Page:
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Investors rush to take advantage of pot stock high

Nicki Bourlioufas  |  10 Jan 2018Text size  Decrease  Increase  |  
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The Federal Government’s decision to allow exports of medicinal cannabis products prompted an early investor rush on ASX-listed Australian medicinal cannabis producers.

Some so-called "pot" stocks saw a short-term jump of more than 50 per cent on speculation the drug will become a mainstream alternative to opioid medications.

The market for medicinal cannabis is potentially huge. The global opioids market was estimated to be valued at US$34,888 million ($44,476 million) in 2015, and is anticipated to reach US$42,159 ($53,745) million revenue by 2021, registering a compound annual growth rate of 3.2 per cent during the forecast period.

Opioid drugs are most commonly used for pain relief, but they are highly addictive and can lead to drug dependence or death. The many problems with opioid addiction are opening the way for more effective pain relief from medicinal cannabis.

On the ASX on January 5, one day after the Government’s announcement that it will allow medicinal cannabis exports, Cann Group was the most bought stock on the CommSec retail broking website. The stock jumped to as high as $4.55, well up on its May 2017 float price of just $0.30, delivering a heavy windfall to investors. The stock had settled to $3.72 by 10 January. Cann Group was the first Australian company to be granted a license to research and cultivate cannabis for human medicinal purposes.

The next most-bought stock on CommSec was The Hydroponics Company, a medical marijuana and hydroponics supplier which floated on the ASX last year at $0.20. The stock soared to a high of $1.12 after the Government’s announcement, representing a huge windfall for those investors in the company’s initial public offering (IPO). The Hydroponics Company had eased to $0.97 on 10 January.

The third most popular stock on January 5 was AusCann Group Holdings, a Perth-based company whose aim is to produce and provide cannabis medicines. Its shares jumped as high as $1.75, up from $0.82 just before the announcement and well up on its IPO price of just $0.20 in February 2017.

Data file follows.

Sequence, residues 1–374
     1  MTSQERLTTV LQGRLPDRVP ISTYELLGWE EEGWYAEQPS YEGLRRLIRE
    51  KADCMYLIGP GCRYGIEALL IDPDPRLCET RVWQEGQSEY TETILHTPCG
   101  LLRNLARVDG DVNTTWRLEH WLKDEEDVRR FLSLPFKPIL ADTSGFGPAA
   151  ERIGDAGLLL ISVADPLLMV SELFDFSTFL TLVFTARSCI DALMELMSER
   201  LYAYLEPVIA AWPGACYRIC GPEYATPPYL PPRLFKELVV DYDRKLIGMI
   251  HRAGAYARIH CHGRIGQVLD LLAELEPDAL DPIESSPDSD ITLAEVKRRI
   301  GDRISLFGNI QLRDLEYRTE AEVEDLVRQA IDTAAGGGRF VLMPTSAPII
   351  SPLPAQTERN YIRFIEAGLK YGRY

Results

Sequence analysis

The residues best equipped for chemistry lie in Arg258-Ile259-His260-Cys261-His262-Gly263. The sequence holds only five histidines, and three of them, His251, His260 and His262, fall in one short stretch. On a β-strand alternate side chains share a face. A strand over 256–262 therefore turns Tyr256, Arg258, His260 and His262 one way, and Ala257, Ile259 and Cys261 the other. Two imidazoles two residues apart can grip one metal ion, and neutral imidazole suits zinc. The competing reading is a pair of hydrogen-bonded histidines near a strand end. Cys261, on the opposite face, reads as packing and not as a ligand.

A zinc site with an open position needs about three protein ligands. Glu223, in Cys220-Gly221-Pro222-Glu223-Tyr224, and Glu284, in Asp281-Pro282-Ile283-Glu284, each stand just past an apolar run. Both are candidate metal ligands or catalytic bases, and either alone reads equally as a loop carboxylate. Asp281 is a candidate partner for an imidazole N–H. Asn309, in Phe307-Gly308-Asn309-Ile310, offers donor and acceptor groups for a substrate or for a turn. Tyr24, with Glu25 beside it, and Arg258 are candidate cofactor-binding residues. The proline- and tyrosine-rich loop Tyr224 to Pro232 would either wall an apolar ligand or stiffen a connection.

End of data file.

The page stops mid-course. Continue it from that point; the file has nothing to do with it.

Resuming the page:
On 10 January, the stock had added to its gains to be quoted at $1.78. The company is part-owned by Canadian giant Canopy Growth Corporation, the world's biggest producer of medicinal cannabis.

Some institutional investors have also bought in to the sector on the expectation of strong gains. Merchant Opportunities Fund has long been a backer of select medicinal cannabis stocks. The fund’s top ten holdings include AusCann Group, Zelda Therapeutics and CannPal Animal Therapeutics, whose main business is cannabinoid derived therapeutics for animals.

Andrew Chapman, the managing director of Merchant Opportunities Fund, says as AusCann and Cann Group both have export licenses, these companies stand to be the biggest beneficiaries of the Government’s decision to allow exports.

“I think [they] will continue to do well in the future,” he says. “I think the [medicinal cannabis] industry is starting to attract the large institutional investors that were previously big pharma investors.

“Opioids are a national crisis according to the US Administration, with addiction rife. The issue though is that people are still suffering from pain, so the logical replacement for opioids will be cannabinoids,” Chapman says.

He believes "big pharma" is now waking up to this fact, "and we are seeing the market caps of some of these companies responding appropriately…this is also why we have invested in CannPal, as the same issues apply to the animal market,” said Chapman.

Evolving viability is key